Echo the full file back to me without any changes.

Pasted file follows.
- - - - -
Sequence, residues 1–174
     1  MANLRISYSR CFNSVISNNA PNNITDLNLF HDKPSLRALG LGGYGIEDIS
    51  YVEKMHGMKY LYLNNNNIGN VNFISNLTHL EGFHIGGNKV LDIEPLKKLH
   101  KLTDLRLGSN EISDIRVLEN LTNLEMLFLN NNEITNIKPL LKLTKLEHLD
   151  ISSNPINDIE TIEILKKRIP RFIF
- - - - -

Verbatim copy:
Sequence, residues 1–174
     1  MANLRISYSR CFNSVISNNA PNNITDLNLF HDKPSLRALG LGGYGIEDIS
    51  YVEKMHGMKY LYLNNNNIGN VNFISNLTHL EGFHIGGNKV LDIEPLKKLH
   101  KLTDLRLGSN EISDIRVLEN LTNLEMLFLN NNEITNIKPL LKLTKLEHLD
   151  ISSNPINDIE TIEILKKRIP RFIF